Forum Institutional

Why organizations need to nurture youth leadership – and how to do it

Not enough young people are present in boardrooms and leadership positions to reflect modern society and its cultural behaviours. Pictured: Commuters cast their shadows as they arrive to the Central Business District at the morning rush hour in Sydney July 1, 2013.

Not enough young people are present in boardrooms and top leadership positions to reflect modern society and its cultural behaviours Image: REUTERS/Daniel Munoz (AUSTRALIA - Tags: BUSINESS SOCIETY IMMIGRATION EMPLOYMENT)

Arjun Shekhar
Co-Founder, Pravah and ComMutiny - The Youth Collective
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Education, Gender and Work

This article is part of: World Economic Forum Annual Meeting

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  • A 2021 study of 1,000 US organizations suggests the average age of a CEO across all sectors is 59 and that of the top leadership team is 56.
  • As the average age of countries' populations declines and society is increasingly dependent on digital tools and devices, a much younger leadership team is needed.
  • With 10,000 baby boomers retiring every day in the US, a huge leadership development gap will open.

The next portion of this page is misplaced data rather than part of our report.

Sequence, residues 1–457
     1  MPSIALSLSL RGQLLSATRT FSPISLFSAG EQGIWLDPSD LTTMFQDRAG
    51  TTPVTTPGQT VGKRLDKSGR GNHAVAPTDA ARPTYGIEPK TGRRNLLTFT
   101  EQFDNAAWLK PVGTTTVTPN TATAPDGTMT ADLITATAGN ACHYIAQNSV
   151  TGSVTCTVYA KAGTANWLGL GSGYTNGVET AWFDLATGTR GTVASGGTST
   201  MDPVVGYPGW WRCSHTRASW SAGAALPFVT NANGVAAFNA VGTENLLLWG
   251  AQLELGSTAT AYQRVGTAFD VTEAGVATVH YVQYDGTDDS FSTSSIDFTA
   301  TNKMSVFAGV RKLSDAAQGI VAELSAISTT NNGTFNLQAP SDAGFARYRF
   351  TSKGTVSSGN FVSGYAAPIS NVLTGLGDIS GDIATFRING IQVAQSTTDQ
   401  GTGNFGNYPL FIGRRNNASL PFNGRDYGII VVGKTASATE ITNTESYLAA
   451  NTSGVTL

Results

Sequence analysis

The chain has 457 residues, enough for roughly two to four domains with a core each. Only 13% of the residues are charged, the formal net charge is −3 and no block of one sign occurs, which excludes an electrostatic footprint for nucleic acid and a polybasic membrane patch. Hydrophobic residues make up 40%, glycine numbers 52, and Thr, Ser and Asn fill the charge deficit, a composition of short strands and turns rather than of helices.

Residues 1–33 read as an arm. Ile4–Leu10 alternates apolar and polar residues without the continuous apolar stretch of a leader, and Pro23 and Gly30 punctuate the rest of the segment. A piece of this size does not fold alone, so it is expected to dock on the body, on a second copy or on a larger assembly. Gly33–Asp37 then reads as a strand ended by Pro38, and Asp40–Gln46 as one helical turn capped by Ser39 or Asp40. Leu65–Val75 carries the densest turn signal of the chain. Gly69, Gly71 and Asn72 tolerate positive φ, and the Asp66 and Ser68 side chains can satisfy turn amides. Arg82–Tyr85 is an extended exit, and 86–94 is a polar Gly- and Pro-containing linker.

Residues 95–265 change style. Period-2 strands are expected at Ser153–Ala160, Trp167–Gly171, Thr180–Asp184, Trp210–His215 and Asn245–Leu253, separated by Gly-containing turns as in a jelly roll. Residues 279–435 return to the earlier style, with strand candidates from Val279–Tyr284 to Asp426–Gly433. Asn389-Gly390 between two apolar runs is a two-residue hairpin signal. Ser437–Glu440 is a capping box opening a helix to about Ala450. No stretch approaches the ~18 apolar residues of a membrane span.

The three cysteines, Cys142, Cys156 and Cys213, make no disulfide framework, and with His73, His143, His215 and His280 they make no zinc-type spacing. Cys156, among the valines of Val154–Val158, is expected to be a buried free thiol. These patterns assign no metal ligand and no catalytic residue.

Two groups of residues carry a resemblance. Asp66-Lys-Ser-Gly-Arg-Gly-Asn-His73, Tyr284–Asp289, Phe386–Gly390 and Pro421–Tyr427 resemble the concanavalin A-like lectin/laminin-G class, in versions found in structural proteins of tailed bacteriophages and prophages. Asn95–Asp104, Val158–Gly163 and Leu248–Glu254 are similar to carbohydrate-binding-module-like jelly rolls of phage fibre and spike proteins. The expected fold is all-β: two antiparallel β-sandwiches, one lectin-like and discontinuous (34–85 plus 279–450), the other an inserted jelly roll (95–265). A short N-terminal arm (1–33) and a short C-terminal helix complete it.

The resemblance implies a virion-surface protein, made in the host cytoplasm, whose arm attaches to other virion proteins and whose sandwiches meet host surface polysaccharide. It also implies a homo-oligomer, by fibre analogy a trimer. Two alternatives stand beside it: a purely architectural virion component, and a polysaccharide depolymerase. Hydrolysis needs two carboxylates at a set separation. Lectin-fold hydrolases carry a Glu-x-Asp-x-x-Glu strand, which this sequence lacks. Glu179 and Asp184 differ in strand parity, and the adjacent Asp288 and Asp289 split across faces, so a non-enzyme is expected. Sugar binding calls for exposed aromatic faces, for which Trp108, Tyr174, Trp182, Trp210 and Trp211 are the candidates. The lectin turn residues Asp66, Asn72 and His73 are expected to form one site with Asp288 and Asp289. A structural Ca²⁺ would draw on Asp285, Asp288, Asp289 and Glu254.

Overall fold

• To fill this gap, young people need the chance to experience the decision-making at the heart of successful businesses.

An organization is an abstraction. It lives in the imagination of its stakeholders. Some experts say the purpose and strategies of the organization give it life; others claim it comes alive in its values. Yet, both perspectives are about the future, a set of “shoulds” that the organization and its community aspire to realize.

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Is there any kernel of reality, then, in the abstraction? What is alive in the moment? Conversations and actions seem like the obvious answer. That’s what we can see in peoples’ behaviours in every organization. But what brings these behaviours alive are the thousands of daily decisions made by its people. At the heart of an organization are strategic decisions, decisions about people, operational decisions and financial decisions. The choices people make manifest into resolutions to act one way or another, to prioritize a goal or rank a value above another. They are the daily decisions that make an organization and breathe life into its purpose and culture.